I'm sorry there is so much pain in this story. I'm sorry it's in fragments, like a body caught in crossfire or pulled apart by force. But there is nothing I can do to change it.
Composed of isolated scenic units with gaps and blanks in between where ‘episodes separate themselves from the flow of time in which they're embedded’ (Conversations), the fragmented narrative also represents the mental processes of someone in Offred's isolated situation as her mind jumps between vividly realised present details and flashbacks to the past. Indeed, these are the characteristics of any story reconstructed from memory. As Offred asks herself, why does she need to tell this story? At the time, she tells it in her head in order to survive by seeing beyond the present moment where she does not wish to be and also because she needs to believe there is still someone outside Gilead who is listening to her: ‘Because I'm telling you this story, I will your existence. I tell, therefore you are'. As an ironic revision of Descartes's famous sentence in his Discourse on Method (1637), ‘I think, therefore I am', Offred's comment shifts the emphasis away from the isolated thinking subject to the speaking subject whose storytelling becomes a substitute for dialogue. In fact Offred's story is a double reconstruction, as we discover at the end when she tells it again in a second retrospective version, like a letter addressed to ‘Dear You … You can mean thousands'. It takes a long time for her letter to be delivered, though as one critic has pointed out, the cassette tapes on which her message is recorded are found in a metal foot locker ‘sealed with tape of the kind once used on packages to be sent by post’ and Offred's is one of the missed messages which finally reaches its destination. Though the male historians in Cambridge, England, get it first and rename it ‘in homage to the great Geoffrey Chaucer', it finally comes to us the readers when Professor Pieixoto delivers his paper to the Twelfth Symposium on Gileadean Studies. The reader's own position in time is ambiguous, for we are reading in a fictive future which bears an uncomfortable resemblance to our present society.
Offred's story is incomplete and her account of life in Gilead is overlaid by Professor Pieixoto's academic reconstruction at the end, yet it is her voice coming through the transcribed tapes which gives the narrative its interest and continuity. This is history written in the feminine gender:
I wish this story were different … I wish it were about love, or about sudden realizations important to one's life, or even about sunsets, birds, rainstorms, or snow.
Maybe it is about those things, in a sense; but in the meantime there is so much else getting in the way.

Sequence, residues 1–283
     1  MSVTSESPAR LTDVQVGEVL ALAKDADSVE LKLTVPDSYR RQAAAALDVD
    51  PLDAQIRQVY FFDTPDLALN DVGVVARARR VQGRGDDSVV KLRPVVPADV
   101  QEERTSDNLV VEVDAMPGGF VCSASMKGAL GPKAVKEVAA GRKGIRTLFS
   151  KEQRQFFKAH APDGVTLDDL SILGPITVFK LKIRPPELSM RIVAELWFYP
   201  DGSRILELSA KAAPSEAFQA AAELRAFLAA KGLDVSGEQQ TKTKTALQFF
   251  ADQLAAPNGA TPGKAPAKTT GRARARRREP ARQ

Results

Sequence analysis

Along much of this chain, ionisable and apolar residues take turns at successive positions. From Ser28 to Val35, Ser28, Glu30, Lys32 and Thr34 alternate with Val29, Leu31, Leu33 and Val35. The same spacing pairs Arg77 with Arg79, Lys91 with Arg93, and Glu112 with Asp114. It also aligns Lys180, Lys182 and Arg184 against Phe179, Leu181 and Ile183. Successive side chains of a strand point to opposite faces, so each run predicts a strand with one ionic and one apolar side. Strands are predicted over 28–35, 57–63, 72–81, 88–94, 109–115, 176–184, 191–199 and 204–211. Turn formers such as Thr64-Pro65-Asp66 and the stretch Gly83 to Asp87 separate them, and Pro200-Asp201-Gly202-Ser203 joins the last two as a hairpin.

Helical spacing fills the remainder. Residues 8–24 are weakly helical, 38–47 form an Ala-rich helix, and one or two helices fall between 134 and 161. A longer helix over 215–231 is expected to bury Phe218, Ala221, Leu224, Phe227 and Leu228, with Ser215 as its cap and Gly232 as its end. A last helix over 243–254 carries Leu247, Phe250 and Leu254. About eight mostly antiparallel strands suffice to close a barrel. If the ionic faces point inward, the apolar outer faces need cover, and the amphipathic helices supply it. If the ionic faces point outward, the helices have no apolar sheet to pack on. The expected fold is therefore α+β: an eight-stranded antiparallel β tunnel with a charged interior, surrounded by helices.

Offred's insistence on her preference for traditionally feminine subject matter would seem to suggest that equally traditional equation between ‘woman/nature’ as opposed to ‘man/culture’ and given the literary tradition out of which Atwood comes, we may wonder if Offred's tale is another version of Canadian women's wilderness writing. The answer of course is not simple; Offred is actually very far from the wilderness, being situated in a city and living in a house with a walled garden in a neat tree-lined street. Her husband and daughter have been lost to her in the bush of the borderland territory between Gilead and Canada, so that any wilderness that exists for her would be merely within the inner realm of imaginative possibility. Yet there is, as we have seen with Surfacing and Survival and Wilderness Tips, a distinctive linguistic system relating to wilderness experience, with its signifiers of the unexplored natural world and the quest for freedom with its accompanying emotional and physical revitalisation. It is within this territory of imagination and metaphor that Offred claims the space to write about her body, her memories and her womanly desires, and so manages to elude the confines of Gilead. Her tale is as profoundly subversive as Hélène Cixous's French feminist text of the mid 1970s, ‘The Laugh of the Medusa', with which it has much in common as a project to inscribe the complex dimensions of female being. Atwood's novel enacts in practice what Cixous's essay proposes as theory, for Offred is Cixous's woman ‘confined to the narrow room’ and ‘given a deadly brainwashing’ but who becomes the ‘I-woman, escapee’ ‘breaking out of the snare of silence’ to ‘write herself'. (The vocabulary here is entirely taken from ‘Medusa'.) Offred's situation might be read as a literal translation of Cixous's highly metaphorical text, except that Atwood is sceptical of any Utopian vision of woman's glorious liberation from the shackles of patriarchy. Offred is not a revolutionary; she refuses to join the Mayday resistance movement in Gilead and she does not want to adopt Moira's separatist feminist space, though she admires her friend's recklessness and swashbuckling heroism. Her own position is much closer to the traditionally feminine role of woman as social mediator, for though she resists the brutal imposition of male power in Gilead she also remembers the delights of heterosexual love and yearns to fall in love again. Her story is about love with a strong traditional female romance component and Offred does the very traditional thing of becoming pregnant through her lovemaking with Nick though not through state-regulated sex with the Commander. It is symptomatic of Offred's non-confrontational role that through she finally defeats the Commander's assurance of male superiority, she herself is not in a commanding position at the end (unlike the film version where she murders the Commander and escapes). Led out of his house as a prisoner and feeling guilty at having let down the household, she has no idea whether she is going to her death or towards a new life of freedom when she steps up into the Black Van. Offred never makes Cixous's ‘shattering entry into history'; on the contrary, she never finishes her story and her voice is almost drowned out by the voice of a male historian.